Radon mitigation system - new fan, same monometer reading

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ctviggen

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Hi All,

I have my "work" desk in the basement, right where the monometer is for the radon mitigation system. It seemed to have a low reading, and I thought the fan (in the attic, near our bedroom, can hear it in summer/with windows open) was a bit loud.

So, I took a picture of the data plate for the installed fan (a Fantech model HP190) and bought what I believe is the replacement model (a Fantech RN2). As far as I can tell, they have very similar airflow curves, though I can only find data for a newer HP190 (mine was built in 1997, and says it uses 90 watts, whereas the data for the newer HP190 uses less wattage).

I replaced the old fan with the new and turned on the new fan.

Basically, the before and after monometer readings are the same. I show one here.

This seems to be a relatively simple system. It's a 3 inch pipe that runs from the basement, to the attic, through the fan, and out the roof. That's it. Basically, a straight shot.

Are there any debugging steps I can take to see what the issue is? Thank you.

Also, if this does not belong in plumbing, please move it to wherever is more appropriate.
 

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Guzzle

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Did your dew point change?

"NOTE: Installations that will result in condensate forming in the outlet ducting should have a condensate bypass installed to route the condensate outside of the fan housing. Conditions that are likely to produce condensate include but are not limited to: outdoor installations in cold climates, long lengths of outlet ducting, high moisture content in soil and thin wall or aluminum outlet ducting. "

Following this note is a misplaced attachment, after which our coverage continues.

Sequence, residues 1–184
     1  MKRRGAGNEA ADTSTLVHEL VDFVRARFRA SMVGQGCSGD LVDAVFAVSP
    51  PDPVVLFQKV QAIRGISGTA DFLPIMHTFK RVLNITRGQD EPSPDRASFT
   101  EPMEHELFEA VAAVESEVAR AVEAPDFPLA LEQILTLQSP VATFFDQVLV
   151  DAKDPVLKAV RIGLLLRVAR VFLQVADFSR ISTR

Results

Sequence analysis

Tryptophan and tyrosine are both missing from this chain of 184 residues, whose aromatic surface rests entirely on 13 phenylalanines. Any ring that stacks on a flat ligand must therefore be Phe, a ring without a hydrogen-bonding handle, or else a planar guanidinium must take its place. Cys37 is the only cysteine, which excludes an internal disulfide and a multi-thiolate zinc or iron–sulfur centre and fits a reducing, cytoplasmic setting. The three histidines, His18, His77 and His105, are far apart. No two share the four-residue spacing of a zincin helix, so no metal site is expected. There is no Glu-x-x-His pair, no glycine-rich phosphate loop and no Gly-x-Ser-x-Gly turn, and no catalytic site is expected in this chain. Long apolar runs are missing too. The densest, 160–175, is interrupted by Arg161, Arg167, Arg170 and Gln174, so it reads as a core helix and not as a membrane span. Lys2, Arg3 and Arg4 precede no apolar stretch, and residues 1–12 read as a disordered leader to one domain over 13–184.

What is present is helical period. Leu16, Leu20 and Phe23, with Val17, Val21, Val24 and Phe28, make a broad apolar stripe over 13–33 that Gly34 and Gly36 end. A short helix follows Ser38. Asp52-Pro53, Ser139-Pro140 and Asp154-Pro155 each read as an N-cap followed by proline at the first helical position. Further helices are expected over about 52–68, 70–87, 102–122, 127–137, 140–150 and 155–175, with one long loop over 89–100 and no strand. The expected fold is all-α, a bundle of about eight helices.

With a helper blocking the output, look for a change in the manometer reading.
 

ctviggen

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I've been doing a bit of research...found this:

Radon mitigation system info

I reset the monometer to zero using his techniques, and then got this:

1642279249937.png

Also realized there's a hidden, huge hole near the pipe, where I could feel air coming in. So, I caulked and spray foamed that.

Unfortunately, I have to stop to do family things. Will check in later.
 

ctviggen

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Thank you. Sorry for my delay in responding. I was building a home NAS (network attached server). For the last many months, I've been addressing my mother's failing health and have built up quite a list of projects, including these.

Anyway, I found this too, which describes whether a problem is after the fan or before the fan:


@Guzzle Right now, it's ridiculously cold outside. As in near or below zero. Unfortunately, since I never look at the monometer, I don't know what it was say in summer. As for now, yes it seems to be exactly the same reading before and after fan replacement.

So, I gather it could:

1) Be working correctly with either fan. The fan was about 25 years old, though, and it was useful to replace.
2) Be clogged after the fan, in the vent pipe. The only way I could check this would be to take out the fan and pass something up the vent pipe. I don't think I could safely get onto the roof.

Does this seem reasonable?
 

Guzzle

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From the video it seems that your output, not your input, is restricted.

The fan current draw might give more clues.
 

Guzzle

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My ISP is punishing me for listening to youtube songs but not listening to the ads. What specifications do you have for these fans?
 

Eddie_T

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If the flow is blocked the fan would go into cavitation and the motor would speed up and current go down.
 

Guzzle

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If the flow is blocked the fan would go into cavitation and the motor would speed up and current go down.
At the input or the output?

Blocking a vacuum cleaner input has the motor speed up & the case crushing.

Never bought a $20 manometer but I could use it to check HVAC filter airflow.

I have to make an analogy with voltage, current & resistance to fully understand this. Air being compressible & amperes not being compressible may not make a difference.

Fan affinity laws
 
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Eddie_T